Langdon Cook's Hunt for Morels
Call the doctor. I feel a sickness coming on. It’s May and that can mean only one thing: morel mushrooms on the brain.
Rudely shaped and tasting of earth-bound fecundity, morels are among the most beloved of mushrooms. Looking for them in the wild, as any seasoned morel hunter will tell you, is a disease. You might not see “morel madness” listed in the Diagnostic and Statistical Manual of Mental Disorders, but the symptoms are well known: an urgent need to drop everything and head for the hills; a tendency to walk with eyes glued to the ground; a general cageyness.
Our local farmers’ markets usually carry the cure, and these fleeting signs of spring—along with asparagus, fiddleheads and Columbia River spring chinook—may also be found in any restaurant worth its locavore street cred (though even small doses come at a price). But if you want to heal thyself, here’s a basic piece of advice: Go east. Morels prefer the dry side of the mountains, where they march from river-valley cottonwoods up to fragrant mountain forests of fir and pine. The mother lode is often found among the scorched yet revitalized ground of the previous year’s wildfires.
First-time morel sufferers are advised to sign up for a Puget Sound Mycological Society foray for immediate attention (annual membership: $30). Otherwise, you can take your chances. Pulling off a logging road in the Wenatchee National Forest for a poke around might yield fruit—or it might be the first in a long string of goose eggs.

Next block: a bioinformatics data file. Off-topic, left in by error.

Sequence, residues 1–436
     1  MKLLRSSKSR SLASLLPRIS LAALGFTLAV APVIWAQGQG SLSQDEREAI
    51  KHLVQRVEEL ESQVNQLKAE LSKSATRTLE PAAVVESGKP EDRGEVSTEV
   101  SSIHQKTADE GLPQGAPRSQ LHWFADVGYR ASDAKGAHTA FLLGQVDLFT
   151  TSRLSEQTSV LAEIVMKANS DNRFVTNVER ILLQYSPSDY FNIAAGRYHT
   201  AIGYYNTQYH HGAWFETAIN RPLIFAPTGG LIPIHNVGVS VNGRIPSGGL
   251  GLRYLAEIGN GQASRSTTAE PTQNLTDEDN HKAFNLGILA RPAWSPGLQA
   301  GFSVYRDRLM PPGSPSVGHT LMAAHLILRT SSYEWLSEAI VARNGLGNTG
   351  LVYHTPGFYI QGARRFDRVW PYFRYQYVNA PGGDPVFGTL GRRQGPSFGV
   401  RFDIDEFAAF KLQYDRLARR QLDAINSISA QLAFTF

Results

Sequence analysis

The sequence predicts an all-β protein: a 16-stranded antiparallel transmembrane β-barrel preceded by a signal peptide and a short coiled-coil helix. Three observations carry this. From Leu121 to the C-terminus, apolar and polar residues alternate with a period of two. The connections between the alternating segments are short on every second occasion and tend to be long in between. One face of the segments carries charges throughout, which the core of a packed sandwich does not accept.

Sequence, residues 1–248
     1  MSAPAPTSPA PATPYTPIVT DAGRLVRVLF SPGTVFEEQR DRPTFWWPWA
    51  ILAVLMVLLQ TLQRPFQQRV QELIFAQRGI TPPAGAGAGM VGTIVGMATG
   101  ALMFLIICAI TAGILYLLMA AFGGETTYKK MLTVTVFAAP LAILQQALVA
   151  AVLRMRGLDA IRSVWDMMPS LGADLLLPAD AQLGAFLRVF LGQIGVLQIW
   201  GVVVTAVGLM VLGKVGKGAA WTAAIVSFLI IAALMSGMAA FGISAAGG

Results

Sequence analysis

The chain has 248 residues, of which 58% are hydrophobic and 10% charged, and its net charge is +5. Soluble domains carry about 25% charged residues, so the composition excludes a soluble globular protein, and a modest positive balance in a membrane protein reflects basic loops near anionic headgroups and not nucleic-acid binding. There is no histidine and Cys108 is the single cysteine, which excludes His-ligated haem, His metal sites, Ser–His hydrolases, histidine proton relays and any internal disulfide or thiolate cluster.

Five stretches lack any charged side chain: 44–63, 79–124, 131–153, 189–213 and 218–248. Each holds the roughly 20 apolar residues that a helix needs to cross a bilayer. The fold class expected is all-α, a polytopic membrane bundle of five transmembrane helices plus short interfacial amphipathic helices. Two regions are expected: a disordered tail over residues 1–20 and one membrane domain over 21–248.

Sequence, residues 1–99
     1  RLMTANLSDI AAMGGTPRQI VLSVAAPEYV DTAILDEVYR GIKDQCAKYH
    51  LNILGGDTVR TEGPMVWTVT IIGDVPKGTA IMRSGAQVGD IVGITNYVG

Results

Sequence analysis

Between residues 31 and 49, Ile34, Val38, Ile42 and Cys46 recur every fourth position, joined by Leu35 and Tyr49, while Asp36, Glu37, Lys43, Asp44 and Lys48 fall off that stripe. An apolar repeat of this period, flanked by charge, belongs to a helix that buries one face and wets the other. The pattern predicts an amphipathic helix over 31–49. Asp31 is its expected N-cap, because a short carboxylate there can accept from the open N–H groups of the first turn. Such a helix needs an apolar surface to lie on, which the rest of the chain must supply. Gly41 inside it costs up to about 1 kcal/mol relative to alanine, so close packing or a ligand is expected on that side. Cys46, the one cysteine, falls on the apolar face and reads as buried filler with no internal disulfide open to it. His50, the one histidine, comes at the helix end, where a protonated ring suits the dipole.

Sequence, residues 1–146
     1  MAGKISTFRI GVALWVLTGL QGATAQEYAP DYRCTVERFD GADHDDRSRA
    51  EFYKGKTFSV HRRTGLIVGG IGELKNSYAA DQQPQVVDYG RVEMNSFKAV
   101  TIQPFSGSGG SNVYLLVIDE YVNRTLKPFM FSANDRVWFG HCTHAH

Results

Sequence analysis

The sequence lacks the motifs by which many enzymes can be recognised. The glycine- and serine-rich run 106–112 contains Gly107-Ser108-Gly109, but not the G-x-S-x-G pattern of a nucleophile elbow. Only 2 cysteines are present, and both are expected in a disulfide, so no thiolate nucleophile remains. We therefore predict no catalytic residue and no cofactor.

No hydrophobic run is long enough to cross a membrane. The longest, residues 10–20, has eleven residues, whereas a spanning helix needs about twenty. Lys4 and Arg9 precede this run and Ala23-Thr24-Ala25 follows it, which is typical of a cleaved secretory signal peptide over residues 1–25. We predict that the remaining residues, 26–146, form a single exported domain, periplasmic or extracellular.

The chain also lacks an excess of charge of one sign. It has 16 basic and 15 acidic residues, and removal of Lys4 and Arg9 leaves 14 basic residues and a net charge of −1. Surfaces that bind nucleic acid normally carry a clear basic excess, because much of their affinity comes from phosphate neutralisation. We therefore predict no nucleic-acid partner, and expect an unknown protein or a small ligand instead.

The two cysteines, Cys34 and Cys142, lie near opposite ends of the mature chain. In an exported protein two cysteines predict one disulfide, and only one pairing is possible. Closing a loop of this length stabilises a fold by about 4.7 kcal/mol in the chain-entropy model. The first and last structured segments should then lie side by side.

And don’t think that first score will be a palliative. Some sicknesses can’t be cured no matter how much you treat them. However, some spring risotto with morels and asparagus can provide temporary relief.
Spring Risotto with Morels & Asparagus
2 dozen thin asparagus spears
20 medium-size morels, halved
1 cup Arborio rice
1 small onion, diced
1 to 2 garlic cloves, diced
1/2 cup dry white wine
4 cups chicken broth
1/2 cup Parmesan, grated
2 tablespoons butter, divided use
Salt and pepper, to taste
1. Reserve 2-inch tops of asparagus, cutting the remainder into 1-inch pieces. Blanch asparagus (minus tops) for 3 minutes. Remove with slotted spoon. Blanch asparagus tops 1 minute right before serving.
2. Sauté onion and garlic in a tablespoon each of butter and olive oil over medium heat until soft, a couple minutes. Add morels and cook for 2 to 3 minutes before adding asparagus (again, minus tops). Cook together another 2 to 3 minutes. Season with salt and pepper.
3. Deglaze the pan with white wine. When liquid has nearly bubbled off, add rice, stirring to coat. Toast rice for 2 minutes over medium heat.
4. Add a ladleful of warm chicken broth at a time until rice is al dente.
5. Remove from heat; stir in a tablespoon of butter and the Parmesan cheese. Serve immediately, garnishing with asparagus tops.